Welcome to Ad Age's Wake-Up Call, our daily roundup of advertising, marketing, media and digital news. You can get an audio version of this briefing on your Alexa device. Search for "Ad Age" under "Skills" in the Alexa app. What people are talking about today: Starbucks finally feels ready to open its first outpost in Italy, the country that gave the world espresso and cappuccino. As The Wall Street Journal writes:
"After amassing more than 25,000 coffee shops in 78 countries, Starbucks is coming to Milan with a 'reserve roastery' in a converted post office on a central square near the city's famous Gothic cathedral."
In concessions to Italian tastes, there's no sugary Frappuccino, but there's alcohol on the menu and a brick oven. The opening party Thursday night included La Scala baritone Paolo Ingrasciotta singing "Cavatina di Figaro," from Rossini's "The Barber of Seville." And the shop's portico bears a statue of a mermaid—the company's symbol—which was "completely hand-carved in Carrara marble by Tuscan sculptor Giovanni Balderi," the company says in a news release. The coffee roasters from Seattle seem anxious to get this right. Can you blame them?
Until yesterday, Twitter was the last major tech company left still giving Alex Jones, the right-wing conspiracy theorist, a platform for his views. Apple, Facebook and YouTube cracked down on him last month, and Twitter followed suit on Thursday by banning him and his Infowars site permanently. (Twitter had recently suspended Jones for a week.) In the end, what was the final straw? As Ad Age's Garett Sloane writes, "Jones harassed CNN reporter Oliver Darcy, and livestreamed the volatile encounter. The video was streamed to Persicope, also owned by Twitter."
CNNMoney writes that "Jones shouted at Darcy for more than ten minutes, accusing him of being in favor of censorship and insulting his appearance, comparing him to 'a rat.'" He also told Darcy he was "evil-looking."
Reminder: In the past, Jones has cast the 2012 Sandy Hook school shooting as a hoax, and the parents of 6-year-old victim Noah Pozner have filed a defamation lawsuit against him. As The New York Times has written, "Mr. Jones for years spread bogus claims that the shooting was a 'false flag,' an event staged by the government as part of an effort to confiscate Americans' firearms, and that the parents of the children killed were 'crisis actors.'"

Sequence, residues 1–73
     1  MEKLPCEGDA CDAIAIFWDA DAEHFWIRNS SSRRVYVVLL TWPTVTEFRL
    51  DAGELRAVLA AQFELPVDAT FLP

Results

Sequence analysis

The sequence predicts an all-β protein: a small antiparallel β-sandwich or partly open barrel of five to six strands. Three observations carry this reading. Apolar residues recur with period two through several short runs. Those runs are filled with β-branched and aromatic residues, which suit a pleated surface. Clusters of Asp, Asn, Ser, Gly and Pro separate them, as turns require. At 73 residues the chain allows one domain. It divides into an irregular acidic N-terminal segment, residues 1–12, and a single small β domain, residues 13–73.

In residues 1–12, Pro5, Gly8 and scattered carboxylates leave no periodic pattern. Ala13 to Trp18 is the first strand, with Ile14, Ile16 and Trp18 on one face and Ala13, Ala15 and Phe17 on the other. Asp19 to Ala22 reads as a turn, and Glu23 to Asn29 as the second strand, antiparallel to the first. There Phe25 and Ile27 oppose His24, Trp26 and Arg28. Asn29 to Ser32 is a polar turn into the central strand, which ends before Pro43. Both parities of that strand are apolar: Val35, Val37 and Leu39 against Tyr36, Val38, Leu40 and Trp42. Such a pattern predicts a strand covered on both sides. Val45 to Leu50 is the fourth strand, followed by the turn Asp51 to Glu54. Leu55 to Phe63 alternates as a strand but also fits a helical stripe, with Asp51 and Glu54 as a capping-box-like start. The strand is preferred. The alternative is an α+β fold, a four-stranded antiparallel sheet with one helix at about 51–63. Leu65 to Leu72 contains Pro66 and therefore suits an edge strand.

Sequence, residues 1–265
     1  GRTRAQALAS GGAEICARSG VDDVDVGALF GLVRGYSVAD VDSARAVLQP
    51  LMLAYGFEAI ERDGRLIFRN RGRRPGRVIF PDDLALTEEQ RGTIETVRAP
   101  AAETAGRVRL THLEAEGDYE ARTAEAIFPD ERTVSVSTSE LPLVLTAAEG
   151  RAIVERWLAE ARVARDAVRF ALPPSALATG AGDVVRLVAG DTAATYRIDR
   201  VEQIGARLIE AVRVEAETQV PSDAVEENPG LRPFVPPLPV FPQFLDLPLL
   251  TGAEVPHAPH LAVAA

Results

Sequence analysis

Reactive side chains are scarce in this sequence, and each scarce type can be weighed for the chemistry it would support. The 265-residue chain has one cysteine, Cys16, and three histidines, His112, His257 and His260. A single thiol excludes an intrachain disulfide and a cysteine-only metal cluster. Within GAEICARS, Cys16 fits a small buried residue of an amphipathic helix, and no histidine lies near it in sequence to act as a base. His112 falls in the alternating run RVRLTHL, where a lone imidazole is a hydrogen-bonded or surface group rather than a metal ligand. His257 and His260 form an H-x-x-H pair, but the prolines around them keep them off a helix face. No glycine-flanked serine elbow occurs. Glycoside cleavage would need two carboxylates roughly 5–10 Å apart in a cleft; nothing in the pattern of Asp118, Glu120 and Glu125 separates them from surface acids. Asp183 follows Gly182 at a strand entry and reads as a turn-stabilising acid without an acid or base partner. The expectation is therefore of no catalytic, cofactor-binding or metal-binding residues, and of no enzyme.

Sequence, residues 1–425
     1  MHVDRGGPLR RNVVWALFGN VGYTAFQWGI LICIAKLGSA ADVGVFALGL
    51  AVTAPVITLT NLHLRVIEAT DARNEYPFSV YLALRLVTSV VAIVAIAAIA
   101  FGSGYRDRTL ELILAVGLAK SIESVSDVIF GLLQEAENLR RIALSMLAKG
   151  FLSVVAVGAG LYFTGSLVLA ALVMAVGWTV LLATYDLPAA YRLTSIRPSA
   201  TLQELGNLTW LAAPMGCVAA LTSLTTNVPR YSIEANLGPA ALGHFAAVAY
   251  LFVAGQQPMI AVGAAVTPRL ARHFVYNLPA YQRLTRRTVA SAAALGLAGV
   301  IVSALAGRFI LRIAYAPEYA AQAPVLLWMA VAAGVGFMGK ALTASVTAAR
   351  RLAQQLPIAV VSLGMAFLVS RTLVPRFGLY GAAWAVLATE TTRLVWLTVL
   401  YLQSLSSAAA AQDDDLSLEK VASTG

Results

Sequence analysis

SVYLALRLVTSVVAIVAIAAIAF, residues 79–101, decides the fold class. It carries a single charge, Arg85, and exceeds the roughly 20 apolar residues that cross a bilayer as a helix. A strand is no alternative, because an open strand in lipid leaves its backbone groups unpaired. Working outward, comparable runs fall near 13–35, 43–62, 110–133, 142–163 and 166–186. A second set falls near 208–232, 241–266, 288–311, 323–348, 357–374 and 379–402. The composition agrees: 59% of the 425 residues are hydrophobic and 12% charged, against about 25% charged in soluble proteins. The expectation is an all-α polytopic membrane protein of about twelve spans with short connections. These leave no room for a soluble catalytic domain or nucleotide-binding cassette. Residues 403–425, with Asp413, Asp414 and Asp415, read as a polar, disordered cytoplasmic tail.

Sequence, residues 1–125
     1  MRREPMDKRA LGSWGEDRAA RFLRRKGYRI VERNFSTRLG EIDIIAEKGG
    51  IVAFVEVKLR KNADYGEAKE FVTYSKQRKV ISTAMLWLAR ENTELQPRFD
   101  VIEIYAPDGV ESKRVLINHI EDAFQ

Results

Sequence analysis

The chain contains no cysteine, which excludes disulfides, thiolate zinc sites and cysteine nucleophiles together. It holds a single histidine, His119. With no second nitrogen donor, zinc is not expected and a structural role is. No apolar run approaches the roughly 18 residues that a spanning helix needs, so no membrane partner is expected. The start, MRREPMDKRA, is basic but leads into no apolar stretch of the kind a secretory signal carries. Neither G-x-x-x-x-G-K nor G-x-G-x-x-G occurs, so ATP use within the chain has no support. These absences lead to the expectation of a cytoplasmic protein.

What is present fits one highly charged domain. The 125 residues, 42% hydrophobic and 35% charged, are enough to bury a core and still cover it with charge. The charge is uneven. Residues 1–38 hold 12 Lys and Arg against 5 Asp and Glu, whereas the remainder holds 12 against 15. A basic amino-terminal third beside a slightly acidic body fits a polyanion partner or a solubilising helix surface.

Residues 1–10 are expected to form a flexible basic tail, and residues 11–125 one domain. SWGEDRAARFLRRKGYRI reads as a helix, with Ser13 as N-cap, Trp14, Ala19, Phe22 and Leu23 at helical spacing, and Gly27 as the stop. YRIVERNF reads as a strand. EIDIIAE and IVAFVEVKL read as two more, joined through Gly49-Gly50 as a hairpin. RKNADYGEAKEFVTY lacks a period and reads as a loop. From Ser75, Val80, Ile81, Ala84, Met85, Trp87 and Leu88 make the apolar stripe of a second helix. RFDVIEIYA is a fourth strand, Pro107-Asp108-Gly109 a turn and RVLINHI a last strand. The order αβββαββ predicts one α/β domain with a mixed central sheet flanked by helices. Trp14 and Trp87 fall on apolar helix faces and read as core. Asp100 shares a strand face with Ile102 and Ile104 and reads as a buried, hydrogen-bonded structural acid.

"While under his contract he is due as much as $180 million in severance and a production deal, the board is offering a roughly $100 million exit package made up almost entirely of CBS stock, sources said. They said the board also wants the right to claw back some of the compensation if it's determined that sexual harassment allegations against Moonves are confirmed."
Confusingly, there are reportedly separate settlement talks going on between CBS and its controlling shareholder, the Redstone family's National Amusements, to end their dispute. There's a lot in flux right now at CBS, where Moonves has been a top exec since 1995. CNBC says Chief Operating Officer Joe Ianniello could be his interim replacement.
The market: CBS shares rebounded after CNBC's report, which Bloomberg News says is "a sign investors have made peace with the embattled longtime leader parting ways" with the company.
Maybe not so controversial, actually?
Nike's much-discussed "Dream Crazy" spot aired during the NFL's Eagles-Falcons season opener Thursday night on NBC. Because it features Colin Kaepernick, the polarizing player who started the anthem protests against social injustice and police brutality, there were calls on social media to boycott Nike; some people even burned their sneakers. But Ace Metrix, which measures the impact of video advertising, says the spot was actually "well-received by viewers, suggesting the social media backlash comes from a small minority."